We dread malarial fever, and fear lest it should get hold of us and drive us out of the mission-field. Should we less dread this spiritual malaria, the fever of a restless soul, which has a power, we know not how, to enervate the very fibre of our being, and so unnerve us for the fight? Surely this is the most dangerous form of fever possible. A fit soul in an unfit body is doubtless uncomfortably crippled, but it is not wholly ineffective; but what is the good of a fit body with an unfit soul inside it? It may as well go home at once for all the fighting it will do in the mission battlefield.

But is there not a better way?

Searcher of spirits,
Try Thou my reins and heart,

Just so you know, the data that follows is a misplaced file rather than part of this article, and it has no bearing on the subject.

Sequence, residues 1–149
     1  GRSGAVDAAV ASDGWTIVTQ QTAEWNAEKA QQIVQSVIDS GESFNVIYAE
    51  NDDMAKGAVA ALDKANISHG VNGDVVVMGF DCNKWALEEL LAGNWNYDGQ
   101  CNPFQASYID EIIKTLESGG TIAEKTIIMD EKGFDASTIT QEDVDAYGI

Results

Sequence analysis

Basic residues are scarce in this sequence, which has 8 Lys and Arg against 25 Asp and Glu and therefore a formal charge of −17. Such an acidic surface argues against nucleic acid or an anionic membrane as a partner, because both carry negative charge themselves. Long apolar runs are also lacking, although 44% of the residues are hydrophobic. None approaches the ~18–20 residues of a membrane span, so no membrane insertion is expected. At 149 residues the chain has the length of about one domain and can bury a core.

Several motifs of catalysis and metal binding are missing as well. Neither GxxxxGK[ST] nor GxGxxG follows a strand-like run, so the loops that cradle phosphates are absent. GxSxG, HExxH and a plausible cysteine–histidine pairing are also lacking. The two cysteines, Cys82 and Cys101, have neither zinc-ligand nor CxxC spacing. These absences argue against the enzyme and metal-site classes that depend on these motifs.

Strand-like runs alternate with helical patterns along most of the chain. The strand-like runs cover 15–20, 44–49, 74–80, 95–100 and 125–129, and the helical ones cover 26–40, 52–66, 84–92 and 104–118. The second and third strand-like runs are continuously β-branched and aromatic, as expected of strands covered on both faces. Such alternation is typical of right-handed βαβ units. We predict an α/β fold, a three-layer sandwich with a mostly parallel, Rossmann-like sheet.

Cleanse Thou my inward part,
Turn, overturn and turn.
Wood, hay and stubble see,
Spread out before Thee,
Burn, burn.

Saviour of sinners,
Out of the depths I cry,
Perfect me or I die:
Perfect me, patient One;
In Thy revealing light,
I stand confused outright,

O to be holy!
Thou wilt not say me nay
Who movest me to pray.
Enable to endure:
Spiritual cleansing Fire,
Fulfil my heart’s desire.
Make pure.

I’d love to hear comments and/or questions from you! Email me!